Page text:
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Newsbites: Borat! Passion! Abu Ghraib!

Newsbites: Borat! Passion! Abu Ghraib! November 5, 2006

Here’s another quick batch.

1. Borat: Cultural Learnings of America for Make Benefit Glorious Nation of Kazakhstan topped the box office with revenues of $26.4 million this weekend, despite opening in only 837 theatres. The last film to be #1 with less than 2,000 screens was Tyler Perry’s Diary of a Mad Black Woman, which opened February 25, 2005 on 1,483 screens and grossed $21.9 million for the weekend. And the last film to be #1 with less than 1,000 screens was Michael Moore’s Fahrenheit 9/11, which opened June 25, 2004 on 868 screens and grossed $24.1 million for the weekend. Borat opened on slightly less screens and made slightly more money. And FWIW, I’ve checked back as far as January 2000 and can’t find another movie that was #1 with less than 1,000 screens.

NOV 6 UPDATE: After numbly clicking on the “last weekend” button at BoxOfficeMojo.com for several minutes, I finally found another film that was #1 with less than 1,000 screens: Four Weddings and a Funeral rose to the top in its sixth week April 15, 1994, and grossed $4.2 million on 721 screens. Prior to that, you have to go all the way back to The Hand that Rocks the Cradle, which opened January 10, 1992 on 766 screens and grossed $7.7 million for the weekend. And prior to that, Cape Fear opened November 15, 1991 on 924 screens and grossed $10.3 million for the weekend. And prior to that, Dead Again was #1 in its second and third weeks in September 1991 on over 700 screens. And prior to that, Driving Miss Daisy was #1 in its seventh and eighth weeks in January and February 1990 on 895 screens.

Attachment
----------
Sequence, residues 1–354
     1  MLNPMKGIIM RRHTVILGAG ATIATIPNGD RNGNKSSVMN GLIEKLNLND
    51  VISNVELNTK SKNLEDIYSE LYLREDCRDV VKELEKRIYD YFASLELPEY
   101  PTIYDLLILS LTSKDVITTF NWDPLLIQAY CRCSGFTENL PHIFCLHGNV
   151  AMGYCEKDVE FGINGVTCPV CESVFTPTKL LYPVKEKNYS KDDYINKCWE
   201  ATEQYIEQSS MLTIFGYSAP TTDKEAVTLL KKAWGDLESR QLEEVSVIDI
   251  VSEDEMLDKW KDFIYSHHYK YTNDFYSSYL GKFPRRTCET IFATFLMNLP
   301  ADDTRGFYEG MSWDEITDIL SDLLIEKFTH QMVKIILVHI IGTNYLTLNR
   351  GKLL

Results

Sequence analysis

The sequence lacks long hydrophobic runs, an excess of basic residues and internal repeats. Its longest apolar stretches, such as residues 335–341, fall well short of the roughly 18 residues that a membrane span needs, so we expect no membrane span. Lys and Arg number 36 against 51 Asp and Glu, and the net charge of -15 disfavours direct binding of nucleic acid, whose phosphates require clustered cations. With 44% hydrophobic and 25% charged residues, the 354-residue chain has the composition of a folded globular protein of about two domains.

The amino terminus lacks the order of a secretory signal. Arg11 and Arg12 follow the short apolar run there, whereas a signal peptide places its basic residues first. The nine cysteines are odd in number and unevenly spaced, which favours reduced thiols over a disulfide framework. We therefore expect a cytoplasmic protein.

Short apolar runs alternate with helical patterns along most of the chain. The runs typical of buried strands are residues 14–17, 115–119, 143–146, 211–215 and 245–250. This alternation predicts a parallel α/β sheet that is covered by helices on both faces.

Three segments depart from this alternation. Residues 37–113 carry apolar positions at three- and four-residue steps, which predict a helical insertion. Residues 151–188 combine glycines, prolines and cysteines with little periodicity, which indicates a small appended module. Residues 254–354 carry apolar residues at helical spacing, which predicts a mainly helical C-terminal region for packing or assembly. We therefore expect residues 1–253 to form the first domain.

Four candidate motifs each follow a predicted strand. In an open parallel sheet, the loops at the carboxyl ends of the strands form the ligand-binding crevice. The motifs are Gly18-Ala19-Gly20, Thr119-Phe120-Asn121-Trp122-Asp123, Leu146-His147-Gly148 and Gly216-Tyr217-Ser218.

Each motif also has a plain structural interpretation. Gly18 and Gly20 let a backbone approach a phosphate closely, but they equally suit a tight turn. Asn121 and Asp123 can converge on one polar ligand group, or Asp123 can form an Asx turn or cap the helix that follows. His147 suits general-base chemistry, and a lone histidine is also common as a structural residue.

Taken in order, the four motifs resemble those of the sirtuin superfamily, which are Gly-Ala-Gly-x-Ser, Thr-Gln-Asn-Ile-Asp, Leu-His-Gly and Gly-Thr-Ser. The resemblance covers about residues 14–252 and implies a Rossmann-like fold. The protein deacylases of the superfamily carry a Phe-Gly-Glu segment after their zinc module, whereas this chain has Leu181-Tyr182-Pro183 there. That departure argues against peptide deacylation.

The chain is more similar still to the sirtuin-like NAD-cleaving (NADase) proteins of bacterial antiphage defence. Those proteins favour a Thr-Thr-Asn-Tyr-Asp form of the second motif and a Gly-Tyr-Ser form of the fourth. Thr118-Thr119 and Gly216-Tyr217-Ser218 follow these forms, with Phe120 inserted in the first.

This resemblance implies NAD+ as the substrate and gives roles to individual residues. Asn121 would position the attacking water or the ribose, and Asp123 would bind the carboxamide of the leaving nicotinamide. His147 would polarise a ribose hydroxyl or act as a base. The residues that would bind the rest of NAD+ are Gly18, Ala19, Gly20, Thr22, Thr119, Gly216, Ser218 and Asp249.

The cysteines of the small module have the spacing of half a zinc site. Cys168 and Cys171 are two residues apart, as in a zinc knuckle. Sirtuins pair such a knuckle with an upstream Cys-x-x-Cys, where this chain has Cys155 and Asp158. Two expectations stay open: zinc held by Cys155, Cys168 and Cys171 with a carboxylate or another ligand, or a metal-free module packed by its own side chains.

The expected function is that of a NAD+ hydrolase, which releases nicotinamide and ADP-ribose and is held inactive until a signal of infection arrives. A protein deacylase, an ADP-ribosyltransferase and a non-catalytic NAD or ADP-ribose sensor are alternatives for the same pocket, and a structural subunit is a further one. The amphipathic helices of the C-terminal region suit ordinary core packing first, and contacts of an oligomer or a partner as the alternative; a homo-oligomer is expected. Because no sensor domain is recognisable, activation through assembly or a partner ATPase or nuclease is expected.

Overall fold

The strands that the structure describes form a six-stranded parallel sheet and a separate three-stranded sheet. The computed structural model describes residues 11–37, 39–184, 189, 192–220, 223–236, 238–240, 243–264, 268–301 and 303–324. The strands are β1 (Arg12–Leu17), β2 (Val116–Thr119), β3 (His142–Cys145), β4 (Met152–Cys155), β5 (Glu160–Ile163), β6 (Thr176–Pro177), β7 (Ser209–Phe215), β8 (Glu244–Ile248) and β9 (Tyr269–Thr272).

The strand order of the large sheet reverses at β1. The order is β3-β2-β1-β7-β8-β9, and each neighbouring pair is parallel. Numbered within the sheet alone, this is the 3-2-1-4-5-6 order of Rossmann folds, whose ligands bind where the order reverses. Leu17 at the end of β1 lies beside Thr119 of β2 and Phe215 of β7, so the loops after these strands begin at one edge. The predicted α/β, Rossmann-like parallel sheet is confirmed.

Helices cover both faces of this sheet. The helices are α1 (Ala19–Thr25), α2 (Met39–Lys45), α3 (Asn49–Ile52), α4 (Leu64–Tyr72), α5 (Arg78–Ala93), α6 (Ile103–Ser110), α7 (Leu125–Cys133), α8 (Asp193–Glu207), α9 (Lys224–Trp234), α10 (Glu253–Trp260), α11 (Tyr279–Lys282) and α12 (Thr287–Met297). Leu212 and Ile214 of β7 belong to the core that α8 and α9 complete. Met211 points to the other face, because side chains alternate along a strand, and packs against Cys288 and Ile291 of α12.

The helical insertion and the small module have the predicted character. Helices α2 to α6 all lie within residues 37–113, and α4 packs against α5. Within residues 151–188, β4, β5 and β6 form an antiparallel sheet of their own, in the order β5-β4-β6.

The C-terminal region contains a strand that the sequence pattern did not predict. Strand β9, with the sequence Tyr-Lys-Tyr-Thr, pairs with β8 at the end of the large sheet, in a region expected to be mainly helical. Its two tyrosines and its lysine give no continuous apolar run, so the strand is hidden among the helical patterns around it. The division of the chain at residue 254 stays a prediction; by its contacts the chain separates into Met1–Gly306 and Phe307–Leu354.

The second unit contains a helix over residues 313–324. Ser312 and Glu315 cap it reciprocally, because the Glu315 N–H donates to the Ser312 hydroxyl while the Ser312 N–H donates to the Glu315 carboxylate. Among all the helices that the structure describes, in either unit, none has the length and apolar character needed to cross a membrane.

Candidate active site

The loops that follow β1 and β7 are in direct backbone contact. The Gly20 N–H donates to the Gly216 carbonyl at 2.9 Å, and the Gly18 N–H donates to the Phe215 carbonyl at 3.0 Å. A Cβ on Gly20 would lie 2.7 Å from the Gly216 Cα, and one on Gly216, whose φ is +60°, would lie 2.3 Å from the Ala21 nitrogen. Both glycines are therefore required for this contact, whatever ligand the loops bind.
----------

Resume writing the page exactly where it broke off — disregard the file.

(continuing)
2. DavisDVD reports that a two-disc “definitive edition” of The Passion of the Christ may be coming out in February. No word yet on whether this will include the original theatrical version of the film, the Recut version, and/or some new version. Two years ago, Fr. William J. Fulco said Mel Gibson was preparing a DVD with 15 hours of bonus material, so it will be interesting to see just how much of that material ends up on the new disc; and it will also be interesting to see whether Gibson’s recent quest for forgiveness from the Jewish community will be reflected on this disc.

3. The Hollywood Reporter, via Reuters, says Errol Morris “is developing a documentary about the Abu Ghraib prison scandal in Iraq.” Not sure how that particular, and rather serious, choice of topic will fit with Morris’s usual quirky style, but we shall see.

4. On a somewhat related note, Variety reports that Christopher McQuarrie, co-writer of The Usual Suspects (1995) and director of The Way of the Gun (2000), will start filming Stanford Prison Experiment in April. It seems this film will be a more-or-less historical account of the experiment, rathen than a work of fiction like Oliver Hirschbiegel’s Das Experiment (2001), which is currently being developed into an English-language remake.

5. Variety reports that Thai officials are asking the makers of Rambo IV: In the Serpent’s Eye to keep the violence “reasonable”. Good luck, guys! In related news, Variety also has an item on the promotional efforts surrounding the upcoming Rocky Balboa.

6. The New York Times probes the religious backgrounds and spiritual reawakenings of the Hollywood players behind The Nativity Story, which comes out in four weeks, on December 1.


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